Do you remember the concept of Computer Blindness? It is about people intuitively expecting from computer vision algorithms results unreachable by the state-of-the-art methods. Believe or not, recently I fell for that trick too.
I was looking throw Navneet Dalal's slides on Histograms of Oriented Gradients. They contained a lot of frames captured from the movies as examples. There was the following one among them:
It seemed familiar to me. I endeavoured to remember the movie, but I failed.1 So I decided to check out some web-sites that offered the inverse image retrieval.
Sure, first I turned to St. Google. The similar image service disappointed me since it was not able to find the similar image of what I want. Actually, it has some indexed base (not very large), and one can find the similar images only within that base. If one somehow find the image from the base (e.g. using a text query), (s)he is shown a button that allows similar image retrieval.
There are different web-sites for this purpose. TinEye positions itself as a reverse image search engine. However, it failed to find anything. It honestly admitted that nothing similar was found. GazoPa found something, but that was different from what I had expected, though the found images were similar in saturation. It was strange because usually such methods work on greyscale images to be robust to the colour levels shifts.
Then I decided to check if the situation is common, and tried a different image, which I found on my desktop:2
I wanted to find the name of its author and the title3. The result was almost the same. TinEye found nothing, GazoPa found a lot of pictures of different girls.
Why is the web-scale CBIR not possible to date? Because there are simply a lot of images in the web, and it is intractable to perform search in such a large index. The common workflow implies feature extraction and further feature matching. From each image hundreds of features could be extracted. Each feature is a high-dimension vector (e.g. 128D). Suppose we have N images in the index. If we extract 100 features from each (which is fairly the lower bound), to handle the given picture we should match 100 * 100 * N features in 128D space. It is really hard to do it instantly even if N is small. In 128D, indexing structures like kd-trees do not improve performance over exhaustive search, because branch and bound method is unable to reduce the search space in practice (approximate methods partly solve the problem). For example, it took 13 hours to match 150,000 photos on 496 processor cores for the Building Rome in a Day project. This also tells us that there are 150K photos of Rome in the web, so try to imagine the whole number of pictures!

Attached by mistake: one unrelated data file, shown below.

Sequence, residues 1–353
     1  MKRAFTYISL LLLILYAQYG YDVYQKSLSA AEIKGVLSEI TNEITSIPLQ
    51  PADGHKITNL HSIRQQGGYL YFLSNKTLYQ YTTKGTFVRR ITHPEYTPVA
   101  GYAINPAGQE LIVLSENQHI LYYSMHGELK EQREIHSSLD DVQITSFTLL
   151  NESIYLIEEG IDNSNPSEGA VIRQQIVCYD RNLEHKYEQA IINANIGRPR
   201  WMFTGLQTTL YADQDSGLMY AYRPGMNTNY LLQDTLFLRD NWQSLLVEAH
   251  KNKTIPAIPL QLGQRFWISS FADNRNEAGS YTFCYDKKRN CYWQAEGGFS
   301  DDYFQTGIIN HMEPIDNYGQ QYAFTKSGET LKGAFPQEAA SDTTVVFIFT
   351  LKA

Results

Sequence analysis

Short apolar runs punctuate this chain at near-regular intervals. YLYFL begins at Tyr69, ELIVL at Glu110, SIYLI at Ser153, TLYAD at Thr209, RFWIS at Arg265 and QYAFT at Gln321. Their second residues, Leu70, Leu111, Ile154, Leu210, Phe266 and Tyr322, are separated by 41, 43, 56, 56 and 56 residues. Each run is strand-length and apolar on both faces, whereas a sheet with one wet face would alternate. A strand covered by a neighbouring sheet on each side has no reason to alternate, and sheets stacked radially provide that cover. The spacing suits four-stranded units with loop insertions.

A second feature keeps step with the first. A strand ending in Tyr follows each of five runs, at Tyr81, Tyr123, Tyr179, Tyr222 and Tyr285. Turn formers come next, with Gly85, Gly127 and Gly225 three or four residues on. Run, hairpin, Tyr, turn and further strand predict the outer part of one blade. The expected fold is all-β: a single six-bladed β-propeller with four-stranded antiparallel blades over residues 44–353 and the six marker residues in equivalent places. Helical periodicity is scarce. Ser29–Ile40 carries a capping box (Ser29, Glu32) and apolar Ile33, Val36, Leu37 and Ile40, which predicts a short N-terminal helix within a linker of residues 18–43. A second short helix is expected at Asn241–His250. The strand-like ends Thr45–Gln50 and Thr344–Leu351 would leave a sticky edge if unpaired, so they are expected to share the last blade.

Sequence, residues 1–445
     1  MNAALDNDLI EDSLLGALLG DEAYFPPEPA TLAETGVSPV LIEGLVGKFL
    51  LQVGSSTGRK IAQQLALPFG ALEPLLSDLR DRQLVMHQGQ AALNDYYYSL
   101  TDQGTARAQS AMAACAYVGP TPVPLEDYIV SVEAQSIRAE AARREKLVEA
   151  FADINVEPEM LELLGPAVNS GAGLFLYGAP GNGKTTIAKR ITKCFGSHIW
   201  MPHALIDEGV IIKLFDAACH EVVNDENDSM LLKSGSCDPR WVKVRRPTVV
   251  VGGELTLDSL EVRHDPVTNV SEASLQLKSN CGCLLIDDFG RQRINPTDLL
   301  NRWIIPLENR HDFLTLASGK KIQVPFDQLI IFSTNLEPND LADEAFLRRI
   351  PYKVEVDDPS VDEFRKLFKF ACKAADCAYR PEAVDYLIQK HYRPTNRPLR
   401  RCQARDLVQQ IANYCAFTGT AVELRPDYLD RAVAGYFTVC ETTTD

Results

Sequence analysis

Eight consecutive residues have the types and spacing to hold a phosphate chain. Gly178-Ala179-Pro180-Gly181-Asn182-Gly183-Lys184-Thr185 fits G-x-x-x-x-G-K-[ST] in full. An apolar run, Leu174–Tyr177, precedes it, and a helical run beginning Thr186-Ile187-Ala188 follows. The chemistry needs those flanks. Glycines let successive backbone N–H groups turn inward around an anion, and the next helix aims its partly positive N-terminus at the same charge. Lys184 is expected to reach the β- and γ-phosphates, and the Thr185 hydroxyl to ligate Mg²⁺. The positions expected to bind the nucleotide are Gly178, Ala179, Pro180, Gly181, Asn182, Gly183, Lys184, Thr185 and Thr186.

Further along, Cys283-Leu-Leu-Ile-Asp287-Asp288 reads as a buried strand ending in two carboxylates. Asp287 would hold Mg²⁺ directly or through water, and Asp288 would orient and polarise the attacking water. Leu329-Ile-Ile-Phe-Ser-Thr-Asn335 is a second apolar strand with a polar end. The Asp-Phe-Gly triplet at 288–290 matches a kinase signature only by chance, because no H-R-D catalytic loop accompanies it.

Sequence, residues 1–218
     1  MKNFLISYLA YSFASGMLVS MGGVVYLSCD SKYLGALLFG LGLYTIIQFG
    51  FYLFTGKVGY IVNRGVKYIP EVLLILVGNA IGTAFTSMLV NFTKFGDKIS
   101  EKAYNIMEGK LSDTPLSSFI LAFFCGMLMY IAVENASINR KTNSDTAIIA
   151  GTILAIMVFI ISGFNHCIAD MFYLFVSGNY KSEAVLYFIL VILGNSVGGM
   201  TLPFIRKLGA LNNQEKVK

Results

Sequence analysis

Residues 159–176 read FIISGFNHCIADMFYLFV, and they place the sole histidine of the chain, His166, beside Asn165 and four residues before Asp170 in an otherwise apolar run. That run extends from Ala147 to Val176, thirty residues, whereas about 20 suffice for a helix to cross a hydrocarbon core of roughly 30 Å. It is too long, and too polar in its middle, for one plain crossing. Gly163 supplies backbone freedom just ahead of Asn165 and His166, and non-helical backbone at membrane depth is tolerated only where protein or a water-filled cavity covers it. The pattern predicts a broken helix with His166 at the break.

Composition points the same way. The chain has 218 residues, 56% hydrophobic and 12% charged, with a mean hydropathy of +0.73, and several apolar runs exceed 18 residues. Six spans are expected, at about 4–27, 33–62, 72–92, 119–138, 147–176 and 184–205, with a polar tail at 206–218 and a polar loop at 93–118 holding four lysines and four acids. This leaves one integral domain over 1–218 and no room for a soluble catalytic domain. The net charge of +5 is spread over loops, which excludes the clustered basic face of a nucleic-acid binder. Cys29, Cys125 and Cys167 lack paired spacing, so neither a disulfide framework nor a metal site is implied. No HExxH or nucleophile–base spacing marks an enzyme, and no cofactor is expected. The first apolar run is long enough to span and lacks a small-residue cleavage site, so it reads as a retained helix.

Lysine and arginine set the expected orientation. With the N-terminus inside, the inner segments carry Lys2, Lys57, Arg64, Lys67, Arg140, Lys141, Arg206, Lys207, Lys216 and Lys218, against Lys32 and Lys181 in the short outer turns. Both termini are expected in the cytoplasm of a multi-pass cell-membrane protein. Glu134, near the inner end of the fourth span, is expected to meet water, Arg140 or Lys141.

But there is a certain hope for success in the web-scale CBIR. First, when we deal with billions of photos (and trillions of features) kd-trees are likely to give sublinear performance. Second, one could use the web context of an image to seed out come obviously wrong matches.
In the long run, we need to develop more descriptive image representation and learn how to combine the textual content with the content. Also, using the user interest prior could be useful. The engine may start the search from the most popular photos and ignore the least popular ones. Thus, the task could be formulated as a sequential test, where the predictor should be able to say if the found match is good enough, or it should continue search.
UPD (Apr 7, 2010). Here is a rather broad list of visual image search engines.
1 The first thought was about Roman Polanski's "The Pianist", which is surely wrong. If you recognize the movie please let me know!
2 I've seen the picture in the Hermitage Museum and downloaded it after returning from St. Petersburg, because the girl had reminded me my friend Sveta.